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A Legacy to Further Peace and Justice

Susan and Gerald, BE’71, JD’86, Kirksey

Susan and Gerald, BE’71, JD’86, Kirksey have a long history of engagement with Vanderbilt. After a first career as an engineer and contractor, Gerald returned to Vanderbilt Law School for his law degree. “I am a beneficiary of second, third and fourth chances given to me by Vanderbilt,” he laughs. “I can never repay what Vanderbilt has given me and the people there who believed in me.” 

Longtime donors to the School of Engineering and Vanderbilt Law School, the Kirkseys became members of Schola Prophetarum, the Divinity School’s giving society, when Joe Pennel, their former pastor, became a Divinity School professor. “We are very involved in peace with justice, including racial justice, initiatives,” Gerald says. “Vanderbilt Divinity School is not only a place where ministers are trained; many graduates also go on to work in nonprofits that are advancing these principles.” The Kirkseys recently updated their retirement plan beneficiary designations and documented a generous estate gift that will ultimately support the James Lawson Institute for the Research and Study of Nonviolent Movements at Vanderbilt University, a cross-disciplinary initiative housed in the Divinity School.

“Reverend Lawson is a god in the civil rights movement,” Gerald says. “Unfortunately, a lot of the younger generation don’t know his name, and they should. His story and the stories of civil rights leaders who literally put their lives on the line — and still do — need to be told.” The Kirkseys’ bequest will help the institute tell that story and encourage others to follow Reverend Lawson’s teachings to make the world a more equitable, peaceful place.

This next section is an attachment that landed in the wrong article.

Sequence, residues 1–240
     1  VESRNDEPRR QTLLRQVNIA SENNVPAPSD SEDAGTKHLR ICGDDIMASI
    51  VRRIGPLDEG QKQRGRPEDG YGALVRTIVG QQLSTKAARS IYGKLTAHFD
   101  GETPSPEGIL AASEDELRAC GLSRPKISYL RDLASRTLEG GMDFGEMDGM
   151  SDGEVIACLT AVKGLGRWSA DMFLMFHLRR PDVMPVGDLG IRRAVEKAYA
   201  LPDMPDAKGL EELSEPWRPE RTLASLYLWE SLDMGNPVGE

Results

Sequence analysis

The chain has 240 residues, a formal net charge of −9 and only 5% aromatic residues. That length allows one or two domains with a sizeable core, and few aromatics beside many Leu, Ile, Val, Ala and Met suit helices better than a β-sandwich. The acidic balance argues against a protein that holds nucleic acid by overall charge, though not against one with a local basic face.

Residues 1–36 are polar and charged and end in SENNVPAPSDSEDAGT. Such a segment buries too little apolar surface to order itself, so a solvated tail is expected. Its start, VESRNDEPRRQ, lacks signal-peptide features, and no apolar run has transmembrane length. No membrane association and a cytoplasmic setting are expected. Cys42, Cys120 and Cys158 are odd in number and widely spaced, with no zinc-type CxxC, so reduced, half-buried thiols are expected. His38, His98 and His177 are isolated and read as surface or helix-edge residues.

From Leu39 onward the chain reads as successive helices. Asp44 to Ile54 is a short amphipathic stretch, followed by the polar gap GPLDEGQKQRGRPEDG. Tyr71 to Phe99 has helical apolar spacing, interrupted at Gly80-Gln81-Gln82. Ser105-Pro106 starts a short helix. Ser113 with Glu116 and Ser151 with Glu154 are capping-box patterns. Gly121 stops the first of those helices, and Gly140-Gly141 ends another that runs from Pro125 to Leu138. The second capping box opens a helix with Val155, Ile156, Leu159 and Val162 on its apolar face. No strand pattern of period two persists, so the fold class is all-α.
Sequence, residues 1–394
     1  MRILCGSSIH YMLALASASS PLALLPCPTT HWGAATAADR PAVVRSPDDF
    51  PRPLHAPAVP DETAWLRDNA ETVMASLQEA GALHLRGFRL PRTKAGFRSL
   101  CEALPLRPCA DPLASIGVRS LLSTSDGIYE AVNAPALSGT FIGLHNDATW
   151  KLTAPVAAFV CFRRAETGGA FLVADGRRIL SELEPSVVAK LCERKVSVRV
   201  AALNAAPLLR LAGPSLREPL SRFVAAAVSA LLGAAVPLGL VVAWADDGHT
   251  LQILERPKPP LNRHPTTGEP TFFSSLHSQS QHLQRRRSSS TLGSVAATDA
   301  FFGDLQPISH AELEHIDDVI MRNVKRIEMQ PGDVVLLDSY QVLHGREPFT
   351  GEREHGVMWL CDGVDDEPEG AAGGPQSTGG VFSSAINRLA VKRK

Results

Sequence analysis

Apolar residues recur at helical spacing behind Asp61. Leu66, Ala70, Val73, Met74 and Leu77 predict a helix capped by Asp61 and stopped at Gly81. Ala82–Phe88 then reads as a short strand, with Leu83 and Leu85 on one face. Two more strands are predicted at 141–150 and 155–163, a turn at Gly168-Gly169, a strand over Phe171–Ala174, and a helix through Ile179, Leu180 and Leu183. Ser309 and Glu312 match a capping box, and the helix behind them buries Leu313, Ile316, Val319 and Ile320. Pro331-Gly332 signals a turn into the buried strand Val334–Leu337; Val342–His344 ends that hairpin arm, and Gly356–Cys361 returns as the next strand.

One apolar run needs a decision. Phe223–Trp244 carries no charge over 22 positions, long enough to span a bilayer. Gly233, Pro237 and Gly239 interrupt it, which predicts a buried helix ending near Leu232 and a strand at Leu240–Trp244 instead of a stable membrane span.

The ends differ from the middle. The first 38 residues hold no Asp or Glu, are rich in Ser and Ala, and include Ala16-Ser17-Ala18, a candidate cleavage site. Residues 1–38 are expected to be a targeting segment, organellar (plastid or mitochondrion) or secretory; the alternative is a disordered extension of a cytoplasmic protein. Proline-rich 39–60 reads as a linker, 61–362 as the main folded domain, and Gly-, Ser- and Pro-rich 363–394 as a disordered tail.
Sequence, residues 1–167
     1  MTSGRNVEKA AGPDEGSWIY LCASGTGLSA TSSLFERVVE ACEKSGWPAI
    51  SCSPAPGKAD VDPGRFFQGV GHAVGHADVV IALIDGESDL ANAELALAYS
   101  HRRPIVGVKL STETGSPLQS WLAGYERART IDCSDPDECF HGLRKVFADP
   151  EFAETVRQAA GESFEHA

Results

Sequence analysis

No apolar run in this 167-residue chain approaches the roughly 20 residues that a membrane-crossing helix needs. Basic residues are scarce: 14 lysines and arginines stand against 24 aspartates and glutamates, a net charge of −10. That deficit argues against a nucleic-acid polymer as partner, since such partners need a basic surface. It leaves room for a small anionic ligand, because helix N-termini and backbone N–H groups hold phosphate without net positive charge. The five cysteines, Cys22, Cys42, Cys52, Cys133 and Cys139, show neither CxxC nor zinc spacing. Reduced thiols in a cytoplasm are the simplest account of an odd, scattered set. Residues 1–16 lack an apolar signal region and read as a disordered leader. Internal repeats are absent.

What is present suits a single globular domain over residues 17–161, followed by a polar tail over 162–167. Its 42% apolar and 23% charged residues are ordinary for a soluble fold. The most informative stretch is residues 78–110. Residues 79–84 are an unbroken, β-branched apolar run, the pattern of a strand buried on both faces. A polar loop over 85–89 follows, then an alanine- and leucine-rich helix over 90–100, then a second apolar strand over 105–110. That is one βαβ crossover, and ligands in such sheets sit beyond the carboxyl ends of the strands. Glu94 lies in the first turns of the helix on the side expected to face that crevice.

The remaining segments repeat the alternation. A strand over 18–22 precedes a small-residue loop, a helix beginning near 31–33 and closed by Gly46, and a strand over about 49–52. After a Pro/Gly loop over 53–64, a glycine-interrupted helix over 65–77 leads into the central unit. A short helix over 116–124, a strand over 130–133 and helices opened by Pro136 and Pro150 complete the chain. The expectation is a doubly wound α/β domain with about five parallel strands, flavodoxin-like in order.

This is work the Kirkseys are deeply committed to in their own lives. When Gerald retired at the end of 2016, he began volunteering at Pisgah Legal Services in Asheville, North Carolina, where the couple has a second home. There, he provided pro bono legal assistance to individuals and families at risk of deportation and family separation. At the start of the COVID-19 pandemic, he and Susan quickly shifted gears to coordinate with the nonprofit organization MANNA FoodBank — serving hundreds of families in the Asheville area each month. The Kirkseys continue to volunteer for free MANNA Community Markets as well as voter registration, COVID-19 and flu vaccine pop-ups, providing books to children and diaper distribution. 

Gerald says that supporting the work of the James Lawson Institute “fits well with where I ended up in my retirement.” He adds, “I am very inspired by the leadership at Vanderbilt. The university is in a great place to make a positive impact in a global arena.”

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